Summer, McKinney, Texas - circa 1946
You’re never too young to be taken seriously as a musician (as November’s Child knew back then, and believes today, surrounded by more children than you could, ahem, shake a stick at.) Look for her Company (but not her name - that would be too easy!) in our Nov 28th listings.
Think you know who NOVEMBER’s child is?
Send your best guess to firstname.lastname@example.org (please provide your mailing address, just in case your name is drawn!
Winners will be selected by random draw among correct replies received by November 20, 2009.
October's Child Was...
clarinetist Joaquin Valdepeñas: whose stylish sunglasses, ready grin and energetic manner have, by all accounts, accompanied his journey from Torreón and Tijuana, in Mexico, through Anaheim CA, to California State University, and on to Yale, before coming in for a landing in
Toronto when he auditioned for the TSO. Principal clarinet of the Toronto Symphony Orchestra since Sept 1980, he has also conducted the TSO on many occasions.
An extremely active soloist, chamber musician and conductor he has participated in festivals throughout the world including Banff, Vancouver, Casals, Edinburgh, Marlboro, Mostly Mozart, Nagano, and Korea. He is also a founding member of the Amici Chamber Ensemble who are in the 21st season of their concert series at the Glenn Gould Studio.
Joaquin has recorded extensively for CBC, Centrediscs, Naxos, Sony and Summit and was featured in a PBS documentary about the Aspen Music Festival both as clarinetist and conductor.
Earliest musical memory?
Seven years old - I used to walk past a music store on my way to school. There was a clarinet in the window, and I was mesmerized by it. Destiny? I don’t know
Other family musicians?
I am the only musician although there was a lot of music in my home. My mother had a beautiful voice but was not trained. She often sang at family gatherings. I had a huge family with lots and lots of cousins, aunts and uncles. At birthdays or other gatherings there were always guitars and singing.
First experiences of collaborative music making?
I joined the band in grade 7. My buddies and I wanted to play the trumpet (there’s a kind of boy thing with the trumpet) but by the time the got to the V’s (Valdepeñas!) they were out of trumpets and I ended up with a clarinet. Of course, at the time, it was all about Herb Alpert. We all wanted to be like that. I still remember vividly playing with my colleagues, struggling to make a sound.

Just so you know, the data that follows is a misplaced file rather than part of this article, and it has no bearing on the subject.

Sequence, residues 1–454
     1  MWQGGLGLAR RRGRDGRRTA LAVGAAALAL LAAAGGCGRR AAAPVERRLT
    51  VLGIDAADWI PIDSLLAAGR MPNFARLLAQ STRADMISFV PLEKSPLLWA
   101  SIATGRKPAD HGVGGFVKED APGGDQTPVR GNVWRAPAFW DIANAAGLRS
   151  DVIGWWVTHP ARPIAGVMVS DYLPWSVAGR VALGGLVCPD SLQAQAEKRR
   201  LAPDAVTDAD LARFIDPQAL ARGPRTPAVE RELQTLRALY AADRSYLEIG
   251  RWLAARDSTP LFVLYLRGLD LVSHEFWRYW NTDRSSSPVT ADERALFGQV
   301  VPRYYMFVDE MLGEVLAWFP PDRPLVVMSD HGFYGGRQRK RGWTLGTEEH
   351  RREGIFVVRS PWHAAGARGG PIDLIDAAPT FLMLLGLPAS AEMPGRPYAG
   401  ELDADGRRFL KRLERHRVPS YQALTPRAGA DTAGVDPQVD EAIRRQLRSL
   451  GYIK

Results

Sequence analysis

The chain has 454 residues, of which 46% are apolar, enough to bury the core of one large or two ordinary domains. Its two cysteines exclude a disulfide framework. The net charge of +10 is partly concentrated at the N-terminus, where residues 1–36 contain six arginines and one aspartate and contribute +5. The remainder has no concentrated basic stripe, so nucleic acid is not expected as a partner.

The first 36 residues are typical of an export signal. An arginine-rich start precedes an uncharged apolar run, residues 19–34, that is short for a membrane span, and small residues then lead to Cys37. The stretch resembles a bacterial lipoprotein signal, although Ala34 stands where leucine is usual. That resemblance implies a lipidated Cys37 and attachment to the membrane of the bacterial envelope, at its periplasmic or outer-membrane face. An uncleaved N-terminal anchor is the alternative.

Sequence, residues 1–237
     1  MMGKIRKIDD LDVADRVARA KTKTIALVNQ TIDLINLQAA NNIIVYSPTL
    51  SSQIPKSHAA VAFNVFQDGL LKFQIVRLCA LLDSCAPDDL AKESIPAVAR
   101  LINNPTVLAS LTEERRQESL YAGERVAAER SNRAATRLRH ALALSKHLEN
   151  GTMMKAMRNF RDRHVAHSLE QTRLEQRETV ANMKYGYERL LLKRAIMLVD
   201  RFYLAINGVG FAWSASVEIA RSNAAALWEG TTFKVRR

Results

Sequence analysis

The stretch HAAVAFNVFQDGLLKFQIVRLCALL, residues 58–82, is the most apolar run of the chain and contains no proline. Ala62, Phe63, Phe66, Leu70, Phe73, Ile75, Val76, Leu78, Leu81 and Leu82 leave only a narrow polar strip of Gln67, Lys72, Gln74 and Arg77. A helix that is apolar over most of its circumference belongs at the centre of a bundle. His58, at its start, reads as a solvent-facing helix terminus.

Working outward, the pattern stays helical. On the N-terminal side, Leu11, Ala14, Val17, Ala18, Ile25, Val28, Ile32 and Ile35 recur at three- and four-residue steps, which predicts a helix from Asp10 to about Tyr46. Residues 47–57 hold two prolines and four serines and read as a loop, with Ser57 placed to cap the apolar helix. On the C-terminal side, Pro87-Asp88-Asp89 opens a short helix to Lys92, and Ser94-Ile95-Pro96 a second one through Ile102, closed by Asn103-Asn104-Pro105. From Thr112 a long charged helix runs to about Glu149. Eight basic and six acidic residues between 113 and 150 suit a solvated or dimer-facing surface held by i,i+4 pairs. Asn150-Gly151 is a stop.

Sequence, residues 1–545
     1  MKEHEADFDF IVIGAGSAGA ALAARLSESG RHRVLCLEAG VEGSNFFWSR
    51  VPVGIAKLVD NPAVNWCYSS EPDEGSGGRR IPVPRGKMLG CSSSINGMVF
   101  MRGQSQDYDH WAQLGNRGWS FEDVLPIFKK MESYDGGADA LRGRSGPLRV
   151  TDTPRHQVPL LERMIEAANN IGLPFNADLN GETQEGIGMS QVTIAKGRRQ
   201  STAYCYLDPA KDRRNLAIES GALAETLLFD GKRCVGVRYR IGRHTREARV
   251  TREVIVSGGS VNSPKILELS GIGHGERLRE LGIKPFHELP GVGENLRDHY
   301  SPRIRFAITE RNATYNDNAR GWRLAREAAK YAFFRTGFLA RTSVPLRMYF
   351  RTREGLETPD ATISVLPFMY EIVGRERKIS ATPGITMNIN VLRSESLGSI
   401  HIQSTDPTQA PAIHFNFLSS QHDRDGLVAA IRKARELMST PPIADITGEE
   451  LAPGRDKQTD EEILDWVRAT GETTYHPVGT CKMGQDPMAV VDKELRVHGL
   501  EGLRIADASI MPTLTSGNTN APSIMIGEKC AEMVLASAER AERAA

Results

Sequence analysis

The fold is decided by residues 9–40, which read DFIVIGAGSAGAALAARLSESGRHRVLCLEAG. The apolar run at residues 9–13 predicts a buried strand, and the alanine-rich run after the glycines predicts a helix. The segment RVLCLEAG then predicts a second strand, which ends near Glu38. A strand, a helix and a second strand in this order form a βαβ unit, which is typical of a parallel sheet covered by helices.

The school had a great programme. One period a day: the teacher was this young guy in his 20s. He had such much energy and enthusiasm. He taught us music theory, but he would also have us get up and conduct the band, and this is where I got my conducting bug. We had a marching band too, and we had to be the entertainment at games, assemblies. I had this very real sense of belonging to something.
Thoughts on clarinet as a first instrument?
Not ideal for really young kids. Better to wait until those teeth have finished coming and going. And kids with small hands…sometimes their fingers are too skinny to cover the holes. The recorder can be a place to start, but it’s kind got a bad rep from being used in school programmes. Piano is good….
The point when you thought of yourself as a musician?
I never imagined making a living playing music, I had not declared my university major but I thought I’d learn some economics - but found I didn’t actually like numbers! But through the Music Department I had a weekly 30 min. lesson. I had never had a private lesson until then and was very lucky that the teacher was Kalman Bloch (principal of the Los Angeles Philharmonic). He was one of the most wonderful musicians I have known. Those first lessons was the time when I started to feel alive musically.
If I had not allowed myself just to say “okay, I’m going to work really hard and see where this goes” I can’t think what would have become of me.
If you could travel back through time and meet face to face with a younger Joaquin is there anything you would offer?
In school we had to give the instruments back in June. Then in September you’d have forgotten everything and have to get back to where you were. So maybe a clarinet of his own…but maybe not too many lessons so soon …
We’ve just finished editing Amici’s new CD Armenian Chamber Music which is scheduled for a spring, 2010 release. On Dec 5 I’ll be in Lindsay, Ontario, with the ARC Ensemble (Artists of the Royal Conservatory) playing the Brahms’ Clarinet Quintet.
Then Amici has its second concert of the season